What is Difference between central and peripheral nervous system?

The difference between central and peripheral nervous systems is that The nervous system is a complex system made up of nerves and cells that carry messages to and from the brain and spinal cord and other parts of the body. It controls and integrates the different bodily functions and maintains the stability and constancy of the internal variables of our body. Difference between central and peripheral nervous system

The nervous system is responsible for three basic functions of our body: sensory, integrative and motor function. The nervous system is divided mainly into two: the central and peripheral nervous systems.

The central nervous system controls voluntary functions such as walking, laughing, reading, etc. While the peripheral nervous system is responsible for involuntary actions such as blinking, heartbeat, digestion, etc. In this article of Psychology-Online, we tell you the differences between the peripheral and central nervous systems.

The central nervous system (CNS): function

The central nervous system (CNS) is made up of two main parts: the brain and spinal cord.

  • The brain plays a central role in controlling most bodily functions, including movements, sensations, thoughts, speech, memory, etc. Some reflex movements can occur through the spinal cord without the involvement of brain structures. The brain is made up of four main parts: brainstem, brain, cerebellum, and diencephalon. There are two types of substances in the brain, gray and white. The gray matter (cell bodies of neurons and neuroglia) receives and stores impulses. And the white substance, formed by axons, carries impulses to and from the gray substance.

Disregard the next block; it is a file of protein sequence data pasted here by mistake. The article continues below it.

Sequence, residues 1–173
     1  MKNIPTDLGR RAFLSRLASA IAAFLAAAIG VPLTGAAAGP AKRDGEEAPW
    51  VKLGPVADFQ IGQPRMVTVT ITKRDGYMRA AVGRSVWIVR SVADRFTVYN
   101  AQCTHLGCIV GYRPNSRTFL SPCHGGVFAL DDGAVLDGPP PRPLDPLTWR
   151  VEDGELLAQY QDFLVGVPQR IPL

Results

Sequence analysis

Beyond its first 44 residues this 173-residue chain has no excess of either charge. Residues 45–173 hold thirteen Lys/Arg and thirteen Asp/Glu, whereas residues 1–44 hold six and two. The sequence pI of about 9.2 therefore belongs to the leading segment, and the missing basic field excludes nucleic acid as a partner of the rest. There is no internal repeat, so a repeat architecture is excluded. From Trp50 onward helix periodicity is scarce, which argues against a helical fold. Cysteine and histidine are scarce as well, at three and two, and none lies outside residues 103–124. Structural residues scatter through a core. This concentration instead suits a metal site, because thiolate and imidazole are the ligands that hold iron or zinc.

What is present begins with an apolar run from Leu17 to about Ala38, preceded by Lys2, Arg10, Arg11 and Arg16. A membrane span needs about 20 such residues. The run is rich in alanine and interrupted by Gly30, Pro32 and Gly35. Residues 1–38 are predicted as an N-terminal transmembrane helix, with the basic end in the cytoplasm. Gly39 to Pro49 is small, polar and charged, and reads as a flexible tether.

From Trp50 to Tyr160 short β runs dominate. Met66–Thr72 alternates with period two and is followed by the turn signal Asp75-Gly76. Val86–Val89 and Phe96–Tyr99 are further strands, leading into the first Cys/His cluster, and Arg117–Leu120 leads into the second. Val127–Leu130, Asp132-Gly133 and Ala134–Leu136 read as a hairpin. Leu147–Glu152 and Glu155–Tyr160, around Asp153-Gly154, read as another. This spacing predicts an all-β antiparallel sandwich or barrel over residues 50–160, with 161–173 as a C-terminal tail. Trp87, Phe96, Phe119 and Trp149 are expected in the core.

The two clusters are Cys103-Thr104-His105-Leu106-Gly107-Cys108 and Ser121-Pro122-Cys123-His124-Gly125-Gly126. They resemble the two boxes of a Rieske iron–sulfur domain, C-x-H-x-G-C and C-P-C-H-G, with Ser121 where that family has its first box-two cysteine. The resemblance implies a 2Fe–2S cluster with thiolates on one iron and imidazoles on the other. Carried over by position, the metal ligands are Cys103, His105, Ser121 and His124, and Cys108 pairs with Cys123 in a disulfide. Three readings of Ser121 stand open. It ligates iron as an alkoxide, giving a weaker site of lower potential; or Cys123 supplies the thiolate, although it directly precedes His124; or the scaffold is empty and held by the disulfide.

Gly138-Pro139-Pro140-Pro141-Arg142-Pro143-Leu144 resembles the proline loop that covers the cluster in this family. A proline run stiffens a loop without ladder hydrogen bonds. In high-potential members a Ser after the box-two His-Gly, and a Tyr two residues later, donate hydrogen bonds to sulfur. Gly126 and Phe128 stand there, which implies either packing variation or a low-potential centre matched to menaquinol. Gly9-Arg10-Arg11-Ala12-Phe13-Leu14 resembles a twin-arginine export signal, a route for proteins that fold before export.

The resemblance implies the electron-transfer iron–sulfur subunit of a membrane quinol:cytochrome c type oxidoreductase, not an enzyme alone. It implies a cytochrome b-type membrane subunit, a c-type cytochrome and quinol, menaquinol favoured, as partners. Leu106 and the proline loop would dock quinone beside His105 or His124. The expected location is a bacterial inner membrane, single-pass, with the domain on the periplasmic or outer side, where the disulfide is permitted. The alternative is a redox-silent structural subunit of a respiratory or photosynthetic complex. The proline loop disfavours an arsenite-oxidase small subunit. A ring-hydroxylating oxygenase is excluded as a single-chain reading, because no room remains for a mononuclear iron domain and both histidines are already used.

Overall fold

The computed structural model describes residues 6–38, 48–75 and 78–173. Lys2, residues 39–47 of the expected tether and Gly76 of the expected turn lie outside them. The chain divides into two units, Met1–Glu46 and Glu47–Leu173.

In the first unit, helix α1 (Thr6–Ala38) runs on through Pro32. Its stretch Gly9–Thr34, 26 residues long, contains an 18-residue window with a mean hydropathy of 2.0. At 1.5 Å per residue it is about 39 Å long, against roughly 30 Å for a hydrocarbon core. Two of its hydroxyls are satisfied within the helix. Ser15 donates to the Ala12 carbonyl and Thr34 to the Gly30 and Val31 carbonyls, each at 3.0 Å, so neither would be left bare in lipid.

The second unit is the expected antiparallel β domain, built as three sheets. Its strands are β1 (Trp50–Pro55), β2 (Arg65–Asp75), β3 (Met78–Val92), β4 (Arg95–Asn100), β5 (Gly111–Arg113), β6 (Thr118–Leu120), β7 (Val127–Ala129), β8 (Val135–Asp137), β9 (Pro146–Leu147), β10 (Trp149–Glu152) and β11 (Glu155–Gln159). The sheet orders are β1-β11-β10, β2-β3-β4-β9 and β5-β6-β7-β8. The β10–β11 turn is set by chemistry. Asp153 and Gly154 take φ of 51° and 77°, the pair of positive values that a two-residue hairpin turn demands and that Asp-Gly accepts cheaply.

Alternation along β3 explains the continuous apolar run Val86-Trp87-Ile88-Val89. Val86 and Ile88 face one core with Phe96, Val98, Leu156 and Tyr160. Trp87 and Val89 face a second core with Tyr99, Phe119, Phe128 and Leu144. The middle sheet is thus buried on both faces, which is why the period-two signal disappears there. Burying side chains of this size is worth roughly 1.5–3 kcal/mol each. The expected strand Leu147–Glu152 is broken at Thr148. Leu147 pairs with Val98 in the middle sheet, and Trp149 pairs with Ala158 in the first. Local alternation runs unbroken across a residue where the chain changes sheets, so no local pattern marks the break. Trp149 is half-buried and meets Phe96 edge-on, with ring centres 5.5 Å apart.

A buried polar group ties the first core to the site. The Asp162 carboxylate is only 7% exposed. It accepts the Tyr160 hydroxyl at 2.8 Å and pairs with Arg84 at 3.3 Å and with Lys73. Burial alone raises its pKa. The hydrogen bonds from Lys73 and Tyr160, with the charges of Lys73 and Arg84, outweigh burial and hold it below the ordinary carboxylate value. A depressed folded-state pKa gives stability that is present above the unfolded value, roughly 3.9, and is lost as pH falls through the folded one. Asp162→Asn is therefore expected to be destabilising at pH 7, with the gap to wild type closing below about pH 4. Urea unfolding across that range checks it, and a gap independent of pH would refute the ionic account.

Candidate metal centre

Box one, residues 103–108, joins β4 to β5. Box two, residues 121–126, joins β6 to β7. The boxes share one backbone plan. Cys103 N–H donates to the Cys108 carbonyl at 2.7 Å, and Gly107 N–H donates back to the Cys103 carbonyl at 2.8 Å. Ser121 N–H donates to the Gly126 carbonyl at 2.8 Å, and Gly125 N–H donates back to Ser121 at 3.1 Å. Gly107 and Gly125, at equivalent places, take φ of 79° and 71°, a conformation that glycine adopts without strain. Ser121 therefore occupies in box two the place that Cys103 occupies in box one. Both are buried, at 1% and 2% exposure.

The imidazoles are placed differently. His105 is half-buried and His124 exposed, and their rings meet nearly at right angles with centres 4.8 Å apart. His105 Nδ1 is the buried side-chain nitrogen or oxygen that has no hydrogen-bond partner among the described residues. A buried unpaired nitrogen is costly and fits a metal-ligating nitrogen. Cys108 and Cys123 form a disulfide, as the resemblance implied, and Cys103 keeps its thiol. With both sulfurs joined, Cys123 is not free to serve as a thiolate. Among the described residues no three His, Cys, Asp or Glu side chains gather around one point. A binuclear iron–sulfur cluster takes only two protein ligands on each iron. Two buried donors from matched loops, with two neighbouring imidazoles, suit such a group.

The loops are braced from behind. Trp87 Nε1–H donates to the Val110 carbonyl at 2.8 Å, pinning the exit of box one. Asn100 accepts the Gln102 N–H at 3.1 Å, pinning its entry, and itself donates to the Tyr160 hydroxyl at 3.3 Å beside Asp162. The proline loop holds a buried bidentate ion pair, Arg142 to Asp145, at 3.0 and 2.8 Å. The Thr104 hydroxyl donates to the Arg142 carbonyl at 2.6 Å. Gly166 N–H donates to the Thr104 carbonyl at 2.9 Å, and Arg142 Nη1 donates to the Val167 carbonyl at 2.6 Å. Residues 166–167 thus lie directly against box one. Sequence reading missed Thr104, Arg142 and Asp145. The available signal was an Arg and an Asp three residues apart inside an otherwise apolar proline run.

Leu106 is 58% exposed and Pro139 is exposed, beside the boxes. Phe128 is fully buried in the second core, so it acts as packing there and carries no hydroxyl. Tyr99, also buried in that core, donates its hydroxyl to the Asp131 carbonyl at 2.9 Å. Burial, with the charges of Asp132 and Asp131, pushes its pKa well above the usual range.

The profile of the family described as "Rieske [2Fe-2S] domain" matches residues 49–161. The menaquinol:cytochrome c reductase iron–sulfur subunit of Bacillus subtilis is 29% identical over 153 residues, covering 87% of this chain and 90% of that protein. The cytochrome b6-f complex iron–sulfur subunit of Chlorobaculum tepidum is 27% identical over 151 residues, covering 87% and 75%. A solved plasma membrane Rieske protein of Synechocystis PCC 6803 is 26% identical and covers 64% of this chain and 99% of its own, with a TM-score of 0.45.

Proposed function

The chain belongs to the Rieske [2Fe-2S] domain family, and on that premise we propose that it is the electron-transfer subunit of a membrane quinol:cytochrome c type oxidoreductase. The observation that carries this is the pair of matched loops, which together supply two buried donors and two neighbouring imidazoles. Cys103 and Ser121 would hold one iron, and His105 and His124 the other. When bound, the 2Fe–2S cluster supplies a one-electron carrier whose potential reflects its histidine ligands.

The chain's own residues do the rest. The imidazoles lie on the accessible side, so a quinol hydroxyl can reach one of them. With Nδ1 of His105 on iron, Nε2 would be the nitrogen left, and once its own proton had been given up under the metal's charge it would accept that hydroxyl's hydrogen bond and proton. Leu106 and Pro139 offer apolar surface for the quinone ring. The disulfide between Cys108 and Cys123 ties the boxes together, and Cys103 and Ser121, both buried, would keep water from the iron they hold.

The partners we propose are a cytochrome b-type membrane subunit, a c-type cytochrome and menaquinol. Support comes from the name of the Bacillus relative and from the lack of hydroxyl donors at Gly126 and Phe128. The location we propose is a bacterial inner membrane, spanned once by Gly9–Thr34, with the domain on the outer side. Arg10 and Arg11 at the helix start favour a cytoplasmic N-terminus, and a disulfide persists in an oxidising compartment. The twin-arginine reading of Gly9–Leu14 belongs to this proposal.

• The spinal cord is connected to a section of the brain called the brainstem and is inside the spine. It is composed of a series of 31 segments. A pair of cranial nerves leave each segment. The motor and sensory nerves are found in the spinal cord that transmits signals (messages back and forth between the brain and peripheral nerves).

The peripheral nervous system (SNP) and its parts

The peripheral nervous system is the division of the nervous system that contains all the nerves outside the central nervous system (CNS). Its main function is to connect the CNS with the organs, limbs, and skin. These nerves extend from the central nervous system to the most peripheral areas of the body. It allows the brain and spinal cord to receive and send information to other areas of the body, which makes us react to the stimuli of our environment. The nerves that make up the peripheral nervous system are actually axons or are axons of neuronal cells.

The peripheral nervous system is divided into two parts autonomic and somatic nervous system:

Difference between the somatic and autonomic nervous system

The somatic nervous system is responsible for carrying sensory and motor information to and from the central nervous system. It is responsible for transmitting sensory information and voluntary movement. This system contains two main types of neurons:

  • Sensory (afferent) that carry information from the nerves to the CNS. It is these neurons that allow us to receive sensory information and send it to the brain and spinal cord.
  • Motor: that transport information from the brain and spinal cord to muscle fibers throughout the body. These motor neurons allow us to perform physical actions in response to stimuli in the environment.

The autonomic nervous system is the part of the peripheral nervous system responsible for regulating involuntary bodily functions, such as blood flow, heartbeat, digestion, and breathing. So it is generally this part of the system that controls aspects of the body that are not under voluntary control. This system allows these functions to be carried out without thinking that they occur consciously.

In turn, it is divided into two, the sympathetic system (prepares the body to spend energy and face possible threats to the environment) and parasympathetic (helps maintain normal body functions and conserve physical resources, once the Threat this system will allow the body to return to a normal state). Discover in the following article the sympathetic and parasympathetic nervous system: differences and functions.

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